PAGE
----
prescription medication

Dangerous Food and Drug Interactions: By Paul Susic Ph.D. Licensed Psychologist







Dangerous food, over-the-counter drug and prescription medication interactions: 

Frequently people combine dangerous food and drugs and put their health and sometimes their lives at risk.  In most cases they are not aware of the problem that some medications and foods cannot be mixed, since many of these same medications and foods seem harmless when taken alone.  Below are some of the more common hazardous food and drug interactions which will be followed on subsequent pages by dangerous prescription drug and over-the-counter drug interactions and what you can do to protect yourself and your family from harm. 

Food and drug interactions: 

Your pharmacist may have cautioned you about taking certain antibiotics with dairy products, as this combination may reduce the effectiveness of these medications.  However, there are many pharmacists and doctors who are actually unaware of some unusual drug/food interactions.  The following foods may cause problems with some medications.




 
Grapefruit and grapefruit juice contains substances that interact in a powerful way with medications and sometimes may cause devastating side effects.  An example may be blood pressure medications such as Procardia and Adalat (Nifedipine) and Plendil (felodipine), which are dangerous when combined with grapefruit, resulting in higher levels of the blood pressure medications. Some of the negative symptoms may include facial flushing, nausea, dizziness, confusion, palpitations or irregular heartbeat.
 
Green, leafy vegetables, such as broccoli, brussel sprouts and cabbage have been known to reduce the effectiveness of the blood thinner Coumadin (warfarin), which is a very commonly prescribed blood thinner that is used to prevent blood clots.  These foods are rich in vitamin K, which helps the blood to clot.  Coumadin is believed to work by counteracting vitamin K’s ability to clot.  Consuming small amounts of vitamin K-rich foods probably will not pose a problem.  But if you usually do not eat these foods and then decide to consume quite a few at a Chinese restaurant for example, you may reduce the drug’s effectiveness and put yourself at risk for blood clot or stroke.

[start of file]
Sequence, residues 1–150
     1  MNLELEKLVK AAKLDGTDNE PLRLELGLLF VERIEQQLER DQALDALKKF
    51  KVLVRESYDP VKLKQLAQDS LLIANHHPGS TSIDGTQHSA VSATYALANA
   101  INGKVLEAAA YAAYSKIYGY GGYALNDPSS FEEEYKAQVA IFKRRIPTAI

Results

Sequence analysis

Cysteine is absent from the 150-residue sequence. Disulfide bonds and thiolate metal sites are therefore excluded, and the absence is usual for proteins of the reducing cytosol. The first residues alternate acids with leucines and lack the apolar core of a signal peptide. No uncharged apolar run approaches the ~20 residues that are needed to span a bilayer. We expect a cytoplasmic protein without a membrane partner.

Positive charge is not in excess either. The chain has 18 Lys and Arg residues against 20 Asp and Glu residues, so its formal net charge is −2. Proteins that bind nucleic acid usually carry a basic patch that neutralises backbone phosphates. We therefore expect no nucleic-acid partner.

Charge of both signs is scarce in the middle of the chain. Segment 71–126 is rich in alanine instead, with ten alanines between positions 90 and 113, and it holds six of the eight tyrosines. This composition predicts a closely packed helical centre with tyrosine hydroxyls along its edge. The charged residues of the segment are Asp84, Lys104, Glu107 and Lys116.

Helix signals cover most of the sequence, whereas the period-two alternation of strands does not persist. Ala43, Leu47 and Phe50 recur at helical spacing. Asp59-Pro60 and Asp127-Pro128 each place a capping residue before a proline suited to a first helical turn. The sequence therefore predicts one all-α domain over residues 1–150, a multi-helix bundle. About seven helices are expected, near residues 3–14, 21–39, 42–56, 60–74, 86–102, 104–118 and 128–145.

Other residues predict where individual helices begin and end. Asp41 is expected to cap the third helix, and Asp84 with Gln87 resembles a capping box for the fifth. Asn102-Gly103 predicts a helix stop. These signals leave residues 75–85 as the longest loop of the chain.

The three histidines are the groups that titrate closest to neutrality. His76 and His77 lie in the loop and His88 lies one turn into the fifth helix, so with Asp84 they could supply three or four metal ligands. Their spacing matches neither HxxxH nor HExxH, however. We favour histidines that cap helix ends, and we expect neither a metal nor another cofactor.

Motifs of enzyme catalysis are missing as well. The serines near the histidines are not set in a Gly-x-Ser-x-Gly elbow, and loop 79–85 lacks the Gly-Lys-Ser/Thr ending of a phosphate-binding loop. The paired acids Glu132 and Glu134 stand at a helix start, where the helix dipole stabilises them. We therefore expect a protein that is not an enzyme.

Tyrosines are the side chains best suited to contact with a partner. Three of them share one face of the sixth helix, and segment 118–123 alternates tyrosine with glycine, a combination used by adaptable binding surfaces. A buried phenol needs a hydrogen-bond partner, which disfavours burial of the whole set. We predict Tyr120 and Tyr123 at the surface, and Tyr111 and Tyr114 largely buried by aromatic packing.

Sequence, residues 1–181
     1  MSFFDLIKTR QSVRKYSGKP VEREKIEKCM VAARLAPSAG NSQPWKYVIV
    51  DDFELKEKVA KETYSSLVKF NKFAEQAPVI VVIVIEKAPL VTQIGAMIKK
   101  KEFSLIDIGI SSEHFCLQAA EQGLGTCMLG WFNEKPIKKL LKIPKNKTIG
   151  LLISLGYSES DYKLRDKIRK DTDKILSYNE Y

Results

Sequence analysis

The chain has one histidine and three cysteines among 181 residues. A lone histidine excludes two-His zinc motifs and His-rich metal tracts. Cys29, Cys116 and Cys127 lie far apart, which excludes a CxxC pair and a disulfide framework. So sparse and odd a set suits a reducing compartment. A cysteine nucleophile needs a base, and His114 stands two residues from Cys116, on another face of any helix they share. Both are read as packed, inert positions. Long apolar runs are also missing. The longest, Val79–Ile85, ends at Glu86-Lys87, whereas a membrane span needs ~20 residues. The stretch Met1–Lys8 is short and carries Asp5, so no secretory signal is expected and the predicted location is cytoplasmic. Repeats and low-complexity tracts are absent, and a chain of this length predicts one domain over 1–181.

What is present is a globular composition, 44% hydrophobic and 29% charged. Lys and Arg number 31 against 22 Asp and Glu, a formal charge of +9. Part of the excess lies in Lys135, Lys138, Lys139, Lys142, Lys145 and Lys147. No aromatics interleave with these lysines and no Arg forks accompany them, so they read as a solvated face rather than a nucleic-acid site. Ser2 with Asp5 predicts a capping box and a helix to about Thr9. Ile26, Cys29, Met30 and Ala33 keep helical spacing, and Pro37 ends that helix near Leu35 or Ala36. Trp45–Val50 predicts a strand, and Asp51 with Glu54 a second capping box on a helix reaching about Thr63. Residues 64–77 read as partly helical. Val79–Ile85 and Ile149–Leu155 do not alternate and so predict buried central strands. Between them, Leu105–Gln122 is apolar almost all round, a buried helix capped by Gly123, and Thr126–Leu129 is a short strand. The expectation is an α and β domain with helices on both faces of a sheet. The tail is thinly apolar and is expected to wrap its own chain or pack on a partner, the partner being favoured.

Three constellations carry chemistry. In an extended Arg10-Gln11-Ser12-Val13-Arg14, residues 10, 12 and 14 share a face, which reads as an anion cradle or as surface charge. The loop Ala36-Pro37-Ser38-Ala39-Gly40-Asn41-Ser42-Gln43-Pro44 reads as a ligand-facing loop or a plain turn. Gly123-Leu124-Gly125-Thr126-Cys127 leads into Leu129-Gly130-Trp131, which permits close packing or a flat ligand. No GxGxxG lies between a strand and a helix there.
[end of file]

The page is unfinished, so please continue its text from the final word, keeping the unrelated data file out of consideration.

Oatmeal and other high fiber foods are believed to interfere with the absorption of Lanoxin (digoxin), a drug that is frequently prescribed to control an irregular heart rhythm, which can then lead to blood clots and stroke.  You should take Lanoxin two or three hours before or after eating high-fiber foods.
 
Salt substitutes are frequently used by people who have high blood pressure.  However, they also contain high amounts of potassium.  If these salt substitutes were to be consumed with potassium-sparing diuretics such as Aldactone (Spironolactone) – which is usually prescribed for high blood pressure or congestive heart failure, your potassium levels may skyrocket, which then may increase your risk of cardiac arrest. 

Licorice and Lanoxin or diuretics such as Lasix (furosemide) can lead to very low levels of potassium which may lead to an irregular heart rhythm and possibly cardiac arrest.  One piece of licorice will probably not hurt, but regular handfuls of licorice could be fatal.

Information adapted from The World’s Greatest Treasury of Health Secrets 

Additional Information and webpage by Paul Susic Ph.D. Licensed Psychologist   







             

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